After retiring from the police force in 2008, Cornfield went to the UCLA screenwriting program and graduated in 2010.
"I could fake my writing when I was doing the corporate stuff, but it takes a different kind of skill when you are trying to tell a narrative story," he said. "It is so much more fun to tell these stories."
Cornfield has since produced many short films, which he enters into festivals and posts on YouTube. And he still works as an interview and interrogation consultant for the state of California and provides technical consulting on law enforcement screenplays.
In 2016, Cornfield shot "Goodbye, NOLA," a movie about his dying father-in-law's final trip to his beloved New Orleans. During this filming, Cornfield got the idea for "Sign of the Times."
"I encountered an art display featuring homeless signs," he remembered. "Because I'm always thinking about how people can take good things and use them for evil -- an occupational hazard after 30 years in the cop biz -- I asked the person running the exhibit if all of the signs were legit or if they ever suspected homeless people might make a sign specifically to sell.
"The person was mortally offended and assured me that they were all on the up-and-up," Cornfield continued. "Still, my mind got to working, and the idea never left my head.
"That's how it all began. Since I've been trying to mature as a filmmaker and find ways to not only entertain my audience but also to explore themes I'm fascinated by or interested in, I used the issue of how we look at -- or away from -- homeless people."
Although the subject matter is thoughtful, his short film and the four others going into "Seven by Seven" were a lot of fun, he said, if a lot of work.
As always in San Francisco, they had to deal with the weather, notorious for its fluctuations.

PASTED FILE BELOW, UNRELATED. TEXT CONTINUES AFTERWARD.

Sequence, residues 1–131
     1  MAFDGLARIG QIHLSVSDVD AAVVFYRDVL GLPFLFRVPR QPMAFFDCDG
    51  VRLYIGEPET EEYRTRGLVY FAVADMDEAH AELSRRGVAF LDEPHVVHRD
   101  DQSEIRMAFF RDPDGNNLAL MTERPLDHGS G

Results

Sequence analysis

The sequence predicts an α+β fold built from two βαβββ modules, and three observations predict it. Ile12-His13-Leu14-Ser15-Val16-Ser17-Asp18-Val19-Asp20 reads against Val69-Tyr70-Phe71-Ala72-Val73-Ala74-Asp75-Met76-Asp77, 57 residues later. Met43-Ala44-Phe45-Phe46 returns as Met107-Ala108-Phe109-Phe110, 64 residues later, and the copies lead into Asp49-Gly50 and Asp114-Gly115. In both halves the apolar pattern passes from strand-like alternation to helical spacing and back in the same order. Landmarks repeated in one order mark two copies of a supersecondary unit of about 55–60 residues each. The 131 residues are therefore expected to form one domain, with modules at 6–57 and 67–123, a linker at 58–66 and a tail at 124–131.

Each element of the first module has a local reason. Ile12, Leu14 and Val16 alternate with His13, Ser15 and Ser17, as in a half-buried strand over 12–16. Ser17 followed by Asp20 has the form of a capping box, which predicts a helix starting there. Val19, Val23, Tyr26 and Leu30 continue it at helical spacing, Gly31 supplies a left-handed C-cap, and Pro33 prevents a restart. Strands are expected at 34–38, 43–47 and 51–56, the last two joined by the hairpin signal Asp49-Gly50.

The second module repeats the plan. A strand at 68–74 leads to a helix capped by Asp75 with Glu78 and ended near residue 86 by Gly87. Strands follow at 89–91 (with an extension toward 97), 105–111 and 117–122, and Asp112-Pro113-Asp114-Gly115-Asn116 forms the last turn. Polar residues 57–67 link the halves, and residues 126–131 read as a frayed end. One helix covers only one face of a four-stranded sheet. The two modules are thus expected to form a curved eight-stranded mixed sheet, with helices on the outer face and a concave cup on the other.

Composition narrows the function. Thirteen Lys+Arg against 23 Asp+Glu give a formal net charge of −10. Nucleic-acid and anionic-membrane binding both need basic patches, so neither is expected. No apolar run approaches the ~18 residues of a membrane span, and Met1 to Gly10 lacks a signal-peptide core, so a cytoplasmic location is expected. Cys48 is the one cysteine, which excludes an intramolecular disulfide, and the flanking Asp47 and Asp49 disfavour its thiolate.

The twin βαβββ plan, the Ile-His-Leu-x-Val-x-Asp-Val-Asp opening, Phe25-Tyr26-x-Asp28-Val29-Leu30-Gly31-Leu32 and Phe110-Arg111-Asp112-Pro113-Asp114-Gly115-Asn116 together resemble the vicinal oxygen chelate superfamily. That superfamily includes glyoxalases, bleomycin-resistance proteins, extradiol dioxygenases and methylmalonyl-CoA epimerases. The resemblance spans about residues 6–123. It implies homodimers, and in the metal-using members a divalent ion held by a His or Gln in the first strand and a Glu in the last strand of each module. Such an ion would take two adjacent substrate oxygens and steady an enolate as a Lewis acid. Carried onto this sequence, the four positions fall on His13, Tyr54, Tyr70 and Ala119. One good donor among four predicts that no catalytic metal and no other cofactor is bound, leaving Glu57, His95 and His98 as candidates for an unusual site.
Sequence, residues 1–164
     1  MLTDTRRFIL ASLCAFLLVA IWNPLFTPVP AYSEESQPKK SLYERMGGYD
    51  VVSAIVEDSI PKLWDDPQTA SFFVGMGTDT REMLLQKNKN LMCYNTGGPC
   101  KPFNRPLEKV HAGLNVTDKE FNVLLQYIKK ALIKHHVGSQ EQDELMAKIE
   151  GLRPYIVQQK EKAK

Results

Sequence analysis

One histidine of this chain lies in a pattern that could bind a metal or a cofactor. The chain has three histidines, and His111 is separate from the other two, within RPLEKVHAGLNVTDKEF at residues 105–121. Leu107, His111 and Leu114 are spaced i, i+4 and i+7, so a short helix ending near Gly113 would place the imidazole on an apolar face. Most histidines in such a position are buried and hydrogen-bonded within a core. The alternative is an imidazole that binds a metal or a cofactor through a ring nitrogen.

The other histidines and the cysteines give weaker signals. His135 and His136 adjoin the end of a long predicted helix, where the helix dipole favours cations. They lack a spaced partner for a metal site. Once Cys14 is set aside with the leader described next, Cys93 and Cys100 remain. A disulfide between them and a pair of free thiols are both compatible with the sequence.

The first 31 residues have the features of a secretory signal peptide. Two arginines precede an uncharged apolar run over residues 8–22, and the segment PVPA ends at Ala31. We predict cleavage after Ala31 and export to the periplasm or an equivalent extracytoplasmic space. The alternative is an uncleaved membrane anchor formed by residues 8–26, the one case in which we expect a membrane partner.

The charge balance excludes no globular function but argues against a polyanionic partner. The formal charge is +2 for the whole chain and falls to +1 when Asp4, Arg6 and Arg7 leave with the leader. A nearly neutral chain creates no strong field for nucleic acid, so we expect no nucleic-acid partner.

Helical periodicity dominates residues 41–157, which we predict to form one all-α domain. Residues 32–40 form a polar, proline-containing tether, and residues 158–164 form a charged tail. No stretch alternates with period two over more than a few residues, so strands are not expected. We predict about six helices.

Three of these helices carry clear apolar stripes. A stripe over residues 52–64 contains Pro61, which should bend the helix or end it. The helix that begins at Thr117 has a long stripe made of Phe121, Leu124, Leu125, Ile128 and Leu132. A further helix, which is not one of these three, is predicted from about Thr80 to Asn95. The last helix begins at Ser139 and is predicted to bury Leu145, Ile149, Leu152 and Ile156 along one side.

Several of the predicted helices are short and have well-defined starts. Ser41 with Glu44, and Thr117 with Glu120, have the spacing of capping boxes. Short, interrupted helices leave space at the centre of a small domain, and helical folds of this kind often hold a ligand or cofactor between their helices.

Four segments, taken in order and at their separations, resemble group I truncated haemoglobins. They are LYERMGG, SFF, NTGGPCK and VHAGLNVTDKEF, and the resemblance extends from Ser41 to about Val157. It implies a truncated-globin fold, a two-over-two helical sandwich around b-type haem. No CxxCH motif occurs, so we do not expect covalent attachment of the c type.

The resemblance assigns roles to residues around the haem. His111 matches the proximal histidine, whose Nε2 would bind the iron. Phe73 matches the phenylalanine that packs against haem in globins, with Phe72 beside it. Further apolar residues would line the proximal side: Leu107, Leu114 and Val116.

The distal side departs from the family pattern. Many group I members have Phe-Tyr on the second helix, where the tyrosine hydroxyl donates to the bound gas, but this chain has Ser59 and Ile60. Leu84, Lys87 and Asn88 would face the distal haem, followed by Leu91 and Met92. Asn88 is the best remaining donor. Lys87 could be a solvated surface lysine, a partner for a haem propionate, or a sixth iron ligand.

"We were usually praying for it to be overcast. That's the best weather to shoot in, you don't have to worry about lighting," Cornfield said. "We would have a great clouded look, then it opens up and we have bright sunlight to deal with."
Cornfield said that "anthology features" such as this one have been made in New York, with different stories tied together by the city. "Paris, Je T'Aime" is a collection of 18 vignettes, and a movie titled "L.A. Stories" interweaves stories about six different couples in different parts of the city.
"But I don't know of any anthology films that have the characters come and go," Cornfield said.
They finished shooting in the fall, at the low cost of $40,000. After that, Phase 4 Films started an online crowdfunding campaign to upgrade equipment, pay actor salaries, and come up with a marketing and distribution plan.
"I think it will have appeal to people around the world," Cornfield said. "Everyone is familiar with San Francisco. The city has an amazing reputation, as a romantic city, a quirky city, a city with amazing characters and history. This film in its own way is a love letter to San Francisco and our challenge was to show the changing look of the city."
The film addresses today's issues, such as homelessness and tech workers who can't afford to live in the city, he noted.
"The film is all shot but not edited," Cornfield said. "We are looking at a total of roughly 90 minutes."
The editor will decide on the final version of the combined films, whether they are separated by title cards or just intertwined. Cornfield foresees future strategy sessions to make myriad decisions on the film's presentation and release.
"The goal is to eventually get a distribution deal, most likely for streaming -- Netflix, Hulu or Amazon," Cornfield said.
The online funding campaign deadline has been extended to Jan. 31. Go to www.seedandspark.com/fund/7by7#story. To learn about other funding opportunities, email Cornfield at SFStories2018@gmail.com or call him at 408-690-3417.